India has sought more 'comforts' from Iran for safe passage of natural gas through Pakistan before a pact on the 7.4 billion dollar trination pipeline can be signed.
Iranian President Mahmoud Ahmadinejad's six hour visit on Tuesday broke India's 8-month non-participation in IPI talks and there is likelihood of swift movements to conclude negotiations.
"We had a very good meeting. The Prime Minister Manmohan Singh conveyed India's keenness to join the project," Petroleum Minister Murli Deora said.
Declining to divulge details, he said oil ministers of the three nations may meet soon to resolve all outstanding issues. "It may happen within the 45-day timeframe suggested by Ahmadinejad."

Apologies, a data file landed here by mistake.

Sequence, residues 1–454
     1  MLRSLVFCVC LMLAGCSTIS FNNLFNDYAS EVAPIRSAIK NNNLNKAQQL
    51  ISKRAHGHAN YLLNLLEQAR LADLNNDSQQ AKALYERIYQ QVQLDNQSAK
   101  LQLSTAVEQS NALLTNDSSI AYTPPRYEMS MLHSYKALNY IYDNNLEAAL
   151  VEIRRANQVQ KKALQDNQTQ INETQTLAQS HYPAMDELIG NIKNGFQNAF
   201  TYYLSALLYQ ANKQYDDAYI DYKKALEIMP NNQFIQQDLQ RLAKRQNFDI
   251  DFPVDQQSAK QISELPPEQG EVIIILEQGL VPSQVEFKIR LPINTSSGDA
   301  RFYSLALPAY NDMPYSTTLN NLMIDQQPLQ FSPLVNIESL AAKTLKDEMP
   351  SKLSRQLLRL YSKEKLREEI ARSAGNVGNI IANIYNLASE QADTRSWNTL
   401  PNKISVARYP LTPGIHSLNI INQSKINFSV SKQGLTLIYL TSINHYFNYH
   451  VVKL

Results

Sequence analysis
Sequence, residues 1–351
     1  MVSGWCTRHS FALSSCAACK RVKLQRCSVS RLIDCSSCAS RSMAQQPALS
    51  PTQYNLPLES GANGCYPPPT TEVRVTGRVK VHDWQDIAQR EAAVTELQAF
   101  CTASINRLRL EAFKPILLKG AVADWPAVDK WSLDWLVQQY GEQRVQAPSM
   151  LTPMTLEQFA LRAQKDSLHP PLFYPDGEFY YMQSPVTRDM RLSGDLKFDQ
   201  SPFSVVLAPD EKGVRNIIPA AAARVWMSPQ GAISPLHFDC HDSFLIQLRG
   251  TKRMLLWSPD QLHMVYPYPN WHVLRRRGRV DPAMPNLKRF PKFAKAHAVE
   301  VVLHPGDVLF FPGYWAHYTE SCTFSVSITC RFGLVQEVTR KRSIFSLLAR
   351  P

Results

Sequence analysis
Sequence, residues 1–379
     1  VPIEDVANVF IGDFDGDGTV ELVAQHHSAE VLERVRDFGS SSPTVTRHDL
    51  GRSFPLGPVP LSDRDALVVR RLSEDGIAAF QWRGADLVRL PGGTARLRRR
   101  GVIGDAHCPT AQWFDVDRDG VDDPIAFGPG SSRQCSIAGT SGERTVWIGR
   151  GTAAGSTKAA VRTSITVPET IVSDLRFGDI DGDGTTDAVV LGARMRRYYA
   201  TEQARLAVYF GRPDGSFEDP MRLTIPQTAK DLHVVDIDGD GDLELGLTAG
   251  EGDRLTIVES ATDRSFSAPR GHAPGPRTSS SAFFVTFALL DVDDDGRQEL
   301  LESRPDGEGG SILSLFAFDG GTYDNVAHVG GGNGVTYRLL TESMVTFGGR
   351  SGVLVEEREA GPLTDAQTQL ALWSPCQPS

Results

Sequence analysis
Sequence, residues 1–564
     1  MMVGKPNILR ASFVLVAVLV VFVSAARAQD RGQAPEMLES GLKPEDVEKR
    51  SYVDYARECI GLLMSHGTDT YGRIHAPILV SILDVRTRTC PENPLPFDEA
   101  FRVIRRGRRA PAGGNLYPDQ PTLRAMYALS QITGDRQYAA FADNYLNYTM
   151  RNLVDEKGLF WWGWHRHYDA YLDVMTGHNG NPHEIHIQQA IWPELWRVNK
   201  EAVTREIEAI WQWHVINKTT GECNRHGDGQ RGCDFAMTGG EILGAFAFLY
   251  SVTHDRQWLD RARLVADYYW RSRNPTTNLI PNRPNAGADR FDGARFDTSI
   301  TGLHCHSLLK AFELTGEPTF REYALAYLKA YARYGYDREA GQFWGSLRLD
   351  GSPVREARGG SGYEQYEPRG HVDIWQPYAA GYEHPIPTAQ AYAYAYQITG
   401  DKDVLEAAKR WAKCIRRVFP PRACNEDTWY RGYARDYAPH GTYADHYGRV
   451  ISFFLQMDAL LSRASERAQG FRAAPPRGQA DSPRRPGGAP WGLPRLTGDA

Sources said New Delhi wanted Iran to handover custody of gas at the India-Pakistan border and not at Iran-Pakistan border as had been suggested by Tehran, to cut transit risk through Pakistan. It also opposed price revision clause that Iran is seeking to insert in the Gas Sales Agreement.
Besides, New Delhi pressed Iran to dedicate a particular gas field like South Pars for Iran-Pakistan-India pipeline and sought third party certification of its reserves. It sought to know alternate supply sources in event of depletion of reserves.
Iranian President made no commitments on the issues raised by New Delhi and left it on his oil minister to resolve it with his Indian counterpart, sources said.
India has been boycotting IPI pipeline talks since August 2007 over transit fee demanded by Pakistan for passage of gas through that country. Differences between the two nations were narrowed at meeting of oil ministers of India and Pakistan in Islamabad last week but there is no agreement as yet.